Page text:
Author Topic: Acidity decrease after rennet addition  (Read 537 times)

Offline NimbinValley

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Acidity decrease after rennet addition
« on: July 18, 2013, 06:52:03 PM »
Hi all.

I have recently started measuring acidity during cheesemaking using titration equipment.

I have noticed that the acidity level decreases after I add rennet, then starts the slow increase again as the make progresses.

Does anyone know what accounts for the initial dramatic drop in the acidity level after addition of rennet?

Cheers.  NV.


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Offline linuxboy

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Re: Acidity decrease after rennet addition
« Reply #1 on: July 18, 2013, 07:45:11 PM »
What are the TA numbers?
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Offline NimbinValley

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Re: Acidity decrease after rennet addition
« Reply #2 on: July 18, 2013, 07:50:20 PM »
This morning it started at 19% (pH 6.54) then dropped to 14% (6.57) after 2hrs.

Cow milk - it is 48hrs old. The TA of 19% is a bit higher than usual so I guess this is a reflection of the age.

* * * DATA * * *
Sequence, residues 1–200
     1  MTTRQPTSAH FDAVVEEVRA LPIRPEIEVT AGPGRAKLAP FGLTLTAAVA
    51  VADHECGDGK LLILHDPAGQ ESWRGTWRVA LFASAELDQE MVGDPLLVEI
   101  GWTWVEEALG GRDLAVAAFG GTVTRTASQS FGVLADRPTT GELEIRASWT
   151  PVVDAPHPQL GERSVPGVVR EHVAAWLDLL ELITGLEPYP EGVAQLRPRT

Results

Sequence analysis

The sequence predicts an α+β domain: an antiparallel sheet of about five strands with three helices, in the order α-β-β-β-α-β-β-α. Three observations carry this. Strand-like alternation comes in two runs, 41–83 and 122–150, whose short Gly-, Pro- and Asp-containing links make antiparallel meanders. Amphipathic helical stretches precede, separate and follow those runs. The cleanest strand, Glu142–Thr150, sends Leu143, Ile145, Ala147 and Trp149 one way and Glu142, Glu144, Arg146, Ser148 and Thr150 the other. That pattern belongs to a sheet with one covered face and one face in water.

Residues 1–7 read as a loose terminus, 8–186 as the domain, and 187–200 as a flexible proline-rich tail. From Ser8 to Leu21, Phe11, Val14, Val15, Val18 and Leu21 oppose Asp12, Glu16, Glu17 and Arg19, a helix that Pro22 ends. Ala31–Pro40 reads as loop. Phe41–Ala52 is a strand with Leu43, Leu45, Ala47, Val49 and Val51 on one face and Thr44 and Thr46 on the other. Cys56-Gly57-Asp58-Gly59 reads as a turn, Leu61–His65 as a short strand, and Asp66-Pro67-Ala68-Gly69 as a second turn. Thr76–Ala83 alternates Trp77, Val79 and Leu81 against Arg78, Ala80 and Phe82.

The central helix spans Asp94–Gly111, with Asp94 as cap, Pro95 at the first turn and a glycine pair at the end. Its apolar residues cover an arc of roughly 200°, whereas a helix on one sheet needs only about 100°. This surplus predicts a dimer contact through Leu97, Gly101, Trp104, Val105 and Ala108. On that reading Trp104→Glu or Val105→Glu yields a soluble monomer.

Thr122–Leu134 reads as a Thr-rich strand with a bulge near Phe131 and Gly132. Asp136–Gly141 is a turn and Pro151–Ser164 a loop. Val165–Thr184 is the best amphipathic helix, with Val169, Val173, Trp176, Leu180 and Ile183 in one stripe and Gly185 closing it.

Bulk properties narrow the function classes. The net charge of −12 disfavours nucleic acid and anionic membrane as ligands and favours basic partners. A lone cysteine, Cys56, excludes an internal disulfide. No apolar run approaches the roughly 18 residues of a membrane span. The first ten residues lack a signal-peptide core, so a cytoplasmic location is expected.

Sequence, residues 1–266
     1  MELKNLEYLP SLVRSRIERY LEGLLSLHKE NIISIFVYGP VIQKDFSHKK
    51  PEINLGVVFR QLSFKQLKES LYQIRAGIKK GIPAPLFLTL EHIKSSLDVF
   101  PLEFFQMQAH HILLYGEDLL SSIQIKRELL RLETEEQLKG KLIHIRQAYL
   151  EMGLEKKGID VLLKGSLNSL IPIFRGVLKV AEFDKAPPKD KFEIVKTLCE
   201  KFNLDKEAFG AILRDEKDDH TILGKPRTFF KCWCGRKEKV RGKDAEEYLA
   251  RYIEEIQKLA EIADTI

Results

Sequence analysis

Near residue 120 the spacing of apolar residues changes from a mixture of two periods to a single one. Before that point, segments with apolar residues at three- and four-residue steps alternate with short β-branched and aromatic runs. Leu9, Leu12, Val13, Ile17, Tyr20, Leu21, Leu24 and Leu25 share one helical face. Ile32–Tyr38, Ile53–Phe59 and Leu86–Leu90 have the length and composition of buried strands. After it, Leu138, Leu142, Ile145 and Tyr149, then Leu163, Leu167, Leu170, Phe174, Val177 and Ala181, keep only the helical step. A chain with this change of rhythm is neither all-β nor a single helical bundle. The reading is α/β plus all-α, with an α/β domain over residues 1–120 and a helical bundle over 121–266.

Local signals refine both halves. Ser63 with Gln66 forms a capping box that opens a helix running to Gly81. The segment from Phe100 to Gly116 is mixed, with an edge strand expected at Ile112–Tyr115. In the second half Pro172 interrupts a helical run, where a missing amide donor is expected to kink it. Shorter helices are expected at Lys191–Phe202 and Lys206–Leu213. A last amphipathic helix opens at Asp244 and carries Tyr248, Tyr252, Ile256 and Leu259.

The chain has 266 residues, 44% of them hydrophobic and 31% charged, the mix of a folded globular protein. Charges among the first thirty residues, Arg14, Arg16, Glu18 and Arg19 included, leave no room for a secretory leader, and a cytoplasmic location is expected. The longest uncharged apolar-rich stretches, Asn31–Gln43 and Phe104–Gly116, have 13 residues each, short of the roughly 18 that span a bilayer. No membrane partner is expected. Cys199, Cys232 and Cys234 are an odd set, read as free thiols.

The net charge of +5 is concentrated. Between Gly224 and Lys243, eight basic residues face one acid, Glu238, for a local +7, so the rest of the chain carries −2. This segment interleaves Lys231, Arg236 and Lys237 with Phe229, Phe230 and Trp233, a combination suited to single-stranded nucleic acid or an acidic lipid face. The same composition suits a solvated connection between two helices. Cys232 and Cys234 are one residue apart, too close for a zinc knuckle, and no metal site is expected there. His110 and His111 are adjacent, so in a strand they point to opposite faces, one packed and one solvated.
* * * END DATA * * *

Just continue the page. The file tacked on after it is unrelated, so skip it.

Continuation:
NV.

Offline linuxboy

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Re: Acidity decrease after rennet addition
« Reply #3 on: July 18, 2013, 09:19:51 PM »
Quote
after addition of rennet?
How much after? Immediate? after gellation? after cutting? Because whey TA is not milk TA. If you're measuring TA of the gel, after it has formed, it will be tough. More so, you're measuring some middle ground between gel and whey, and casein has huge buffering capacity, whereas whey does not.
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Offline NimbinValley

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Re: Acidity decrease after rennet addition
« Reply #4 on: July 18, 2013, 10:10:04 PM »
The initial reading was milk after pasteurisation.

The second reading was about 10mins after cut, after sufficient whey had drained from the curd to take a samlple.

All up about 90mins after addition of the culture and 45mins after renneting.

So I guess that is what I am asking - why is whey TA different to Milk TA?

NV


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Offline linuxboy

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Re: Acidity decrease after rennet addition
« Reply #5 on: July 18, 2013, 11:46:21 PM »
Think about what TA measures. Basically, it is the titratable H+ ions. And what has more of those, the H+ associated with casein (and to a smaller part other proteins), or whey and all its small amounts of salts, proteins, etc? Casein has a ton more. So, when you titrate, the whey will be rather dramatically lower. You can sometimes go .2 at gel cutting, and .12 in whey. Doesn't mean acid development has stopped or changed. You're just measuring different things. It's also why generally pH is easier, though the meters can be a PITA.
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